Here, we plot the posterior predicitve distribution associated with each distribution’s highest-ELPD dependent variable.

Appendix 1—figure 5
Observed partner age distributions (grey bars) and posterior predictive partner age distributions (lines) for each probability distribution among men in the AHRI data set.

Here, we plot the posterior predicitve distribution associated with each distribution’s highest-ELPD dependent variable.

Appendix 1—figure 6
Observed partner age distributions (grey bars) and posterior predictive partner age distributions (lines) for each probability distribution among women in the AHRI Deheaped data set.

Here, we plot the posterior predicitve distribution associated with each distribution’s highest-ELPD dependent variable.

Appendix 1—figure 7
Observed partner age distributions (grey bars) and posterior predictive partner age distributions (lines) for each probability distribution among men in the AHRI Deheaped data set.

Here, we plot the posterior predicitve distribution associated with each distribution’s highest-ELPD dependent variable.

Appendix 1—figure 8
Observed partner age distributions (grey bars) and posterior predictive partner age distributions (lines) for each probability distribution among women in the Haiti 2016–17 DHS data set.

Here, we plot the posterior predicitve distribution associated with each distribution’s highest-ELPD dependent variable.

Appendix 1—figure 9
Observed partner age distributions (grey bars) and posterior predictive partner age distributions (lines) for each probability distribution among men in the Haiti 2016–17 DHS data set.

Here, we plot the posterior predicitve distribution associated with each distribution’s highest-ELPD dependent variable.

Appendix 1—figure 10
Observed partner age distributions (grey bars) and posterior predictive partner age distributions (lines) for each probability distribution among women in the Manicaland data set.

Here, we plot the posterior predicitve distribution associated with each distribution’s highest-ELPD dependent variable.

Appendix 1—figure 11
Observed partner age distributions (grey bars) and posterior predictive partner age distributions (lines) for each probability distribution among men in the Manicaland data set.

Here, we plot the posterior predicitve distribution associated with each distribution’s highest-ELPD dependent variable.

Appendix 1—table 2
Full ELPD and QQ RMSE table for women in the AHRI data set.

Higher ELPD values and lower QQ RMSE values are better.

RankModelELPDELPD DiffSE of DiffQQ RMSE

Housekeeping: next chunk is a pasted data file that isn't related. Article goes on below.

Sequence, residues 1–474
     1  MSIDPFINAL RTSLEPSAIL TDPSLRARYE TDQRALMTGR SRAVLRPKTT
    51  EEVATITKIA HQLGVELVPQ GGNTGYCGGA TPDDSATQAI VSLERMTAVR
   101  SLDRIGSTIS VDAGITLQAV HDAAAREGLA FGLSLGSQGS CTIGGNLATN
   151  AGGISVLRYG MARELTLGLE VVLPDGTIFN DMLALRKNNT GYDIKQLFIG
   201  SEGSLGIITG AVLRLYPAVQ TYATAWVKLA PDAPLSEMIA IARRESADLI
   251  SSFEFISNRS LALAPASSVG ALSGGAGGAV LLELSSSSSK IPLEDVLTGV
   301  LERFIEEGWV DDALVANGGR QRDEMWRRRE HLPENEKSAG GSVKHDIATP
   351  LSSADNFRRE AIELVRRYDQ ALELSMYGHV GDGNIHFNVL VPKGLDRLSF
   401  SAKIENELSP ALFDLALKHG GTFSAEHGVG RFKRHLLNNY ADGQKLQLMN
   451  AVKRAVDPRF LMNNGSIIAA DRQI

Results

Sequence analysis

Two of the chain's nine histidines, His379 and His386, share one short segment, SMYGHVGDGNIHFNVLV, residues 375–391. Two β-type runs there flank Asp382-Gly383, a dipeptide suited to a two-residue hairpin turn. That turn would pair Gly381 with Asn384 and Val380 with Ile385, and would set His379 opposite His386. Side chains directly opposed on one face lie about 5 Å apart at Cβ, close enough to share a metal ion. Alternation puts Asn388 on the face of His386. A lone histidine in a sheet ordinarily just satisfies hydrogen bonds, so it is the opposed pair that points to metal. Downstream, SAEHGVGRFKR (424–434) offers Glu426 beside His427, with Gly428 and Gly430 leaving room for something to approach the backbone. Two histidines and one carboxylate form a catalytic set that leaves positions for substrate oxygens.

AHRI Female 20-24
1Sinh-arcsinh−31750.940.000.000.32
2Skew normal−32056.39−305.4648.630.47
3Normal−32414.54−663.6160.540.62
4Beta−32953.92−1202.98112.080.77
5Gamma−33461.85−1710.92148.150.80
AHRI Female 25-29
1Sinh-arcsinh−24647.650.000.000.28
2Skew normal−24906.22−258.5743.270.52
3Normal−25238.71−591.0654.820.68
4Beta−25701.13−1053.48114.840.89
5Gamma−25995.81−1348.16132.150.90
AHRI Female 30-34
1Sinh-arcsinh−19831.530.000.000.44
2Skew normal−20200.44−368.9169.400.51
3Normal−20314.79−483.2652.240.80
4Beta−20575.61−744.0867.460.93
5Gamma−20708.35−876.8273.890.91
AHRI Female 35-39
1Sinh-arcsinh−15469.180.000.000.31
2Skew normal−15749.79−280.6153.040.77
3Normal−15834.32−365.1441.230.80
4Beta−16026.51−557.3353.991.18
5Gamma−16087.40−618.2257.061.04
AHRI Female 40-44
1Sinh-arcsinh−12556.610.000.000.45
2Skew normal−12876.71−320.1045.851.27
3Normal−12935.34−378.7352.380.92
4Beta−13137.69−581.0869.181.38
5Gamma−13150.66−594.0562.731.19
AHRI Female 45-49
1Sinh-arcsinh−10059.210.000.000.59
2Skew normal−10391.95−332.7442.751.36
3Normal−10433.64−374.4348.911.53
4Gamma−10527.00−467.7950.721.35
5Beta−10545.33−486.1256.021.58
Appendix 1—table 3
Full ELPD and QQ RMSE table for men in the AHRI data set.

Higher ELPD values and lower QQ RMSE values are better.

RankModelELPDELPD DiffSE of DiffQQ RMSE
AHRI Male 20-24
1Sinh-arcsinh−20428.110.000.000.23
2Skew normal−20499.86−71.7517.120.25
3Normal−20503.89−75.7916.850.22
4Beta−20545.59−117.4923.210.22
5Gamma−20700.24−272.1343.530.29
AHRI Male 25-29
1Sinh-arcsinh−12664.210.000.000.26
2Skew normal−12727.03−62.8217.860.28
3Beta−12739.03−74.8218.650.31
4Normal−12753.25−89.0419.350.29
5Gamma−12788.26−124.0535.070.38
AHRI Male 30-34
1Sinh-arcsinh−9301.030.000.000.29
2Skew normal−9357.18−56.1514.080.43
3Beta−9371.86−70.8316.480.37
4Normal−9385.63−84.6014.670.46
5Gamma−9419.34−118.3135.110.27
AHRI Male 35-39
1Sinh-arcsinh−6746.890.000.000.30
2Skew normal−6812.77−65.8817.730.64
3Normal−6817.86−70.9723.240.70
4Beta−6830.95−84.0617.950.71
5Gamma−6832.47−85.5832.030.44
AHRI Male 40-44
1Sinh-arcsinh−4610.950.000.000.35
2Skew normal−4711.78−100.8418.660.92
3Normal−4713.78−102.8318.820.78
4Gamma−4718.28−107.3324.830.63
5Beta−4742.70−131.7517.281.07
AHRI Male 45-49
1Sinh-arcsinh−3683.470.000.000.34
2Skew normal−3770.59−87.1216.560.81
3Gamma−3776.33−92.8615.560.87
4Normal−3778.84−95.3714.501.17
5Beta−3805.78−122.3117.401.36
Appendix 1—table 4
Full ELPD and QQ RMSE table for women in the AHRI Deheaped data set.

Higher ELPD values and lower QQ RMSE values are better.

RankModelELPDELPD DiffSE of DiffQQ RMSE
AHRI Deheaped Female 20-24
1Sinh-arcsinh−31411.240.000.000.26
2Skew normal−31797.37−386.1353.150.59
3Normal−32179.29−768.0565.500.56
4Beta−32737.57−1326.32118.470.76
5Gamma−33254.17−1842.92155.140.78
AHRI Deheaped Female 25-29
1Sinh-arcsinh−24439.470.000.000.27
2Skew normal−24768.06−328.5946.710.65
3Normal−25104.46−664.9958.320.82
4Beta−25574.33−1134.86119.651.03
5Gamma−25870.30−1430.83137.511.05
AHRI Deheaped Female 30-34
1Sinh-arcsinh−19680.770.000.000.41
2Skew normal−20112.70−431.9472.950.55
3Normal−20228.52−547.7656.190.81
4Beta−20492.23−811.4670.530.92
5Gamma−20624.82−944.0676.980.80